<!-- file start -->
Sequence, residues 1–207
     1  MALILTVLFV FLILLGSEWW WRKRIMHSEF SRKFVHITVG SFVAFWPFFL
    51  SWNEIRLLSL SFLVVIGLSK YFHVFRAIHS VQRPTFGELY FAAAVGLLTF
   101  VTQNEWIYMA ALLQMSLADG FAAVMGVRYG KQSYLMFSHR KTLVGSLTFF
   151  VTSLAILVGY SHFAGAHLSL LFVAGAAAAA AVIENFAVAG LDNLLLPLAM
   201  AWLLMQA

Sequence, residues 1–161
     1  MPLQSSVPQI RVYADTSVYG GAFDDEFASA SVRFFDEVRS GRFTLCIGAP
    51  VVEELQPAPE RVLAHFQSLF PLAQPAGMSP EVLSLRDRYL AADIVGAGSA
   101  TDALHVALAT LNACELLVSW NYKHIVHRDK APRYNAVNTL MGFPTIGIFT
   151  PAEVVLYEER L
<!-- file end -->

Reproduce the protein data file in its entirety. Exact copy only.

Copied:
Sequence, residues 1–207
     1  MALILTVLFV FLILLGSEWW WRKRIMHSEF SRKFVHITVG SFVAFWPFFL
    51  SWNEIRLLSL SFLVVIGLSK YFHVFRAIHS VQRPTFGELY FAAAVGLLTF
   101  VTQNEWIYMA ALLQMSLADG FAAVMGVRYG KQSYLMFSHR KTLVGSLTFF
   151  VTSLAILVGY SHFAGAHLSL LFVAGAAAAA AVIENFAVAG LDNLLLPLAM
   201  AWLLMQA

Sequence, residues 1–161
     1  MPLQSSVPQI RVYADTSVYG GAFDDEFASA SVRFFDEVRS GRFTLCIGAP
    51  VVEELQPAPE RVLAHFQSLF PLAQPAGMSP EVLSLRDRYL AADIVGAGSA
   101  TDALHVALAT LNACELLVSW NYKHIVHRDK APRYNAVNTL MGFPTIGIFT
   151  PAEVVLYEER L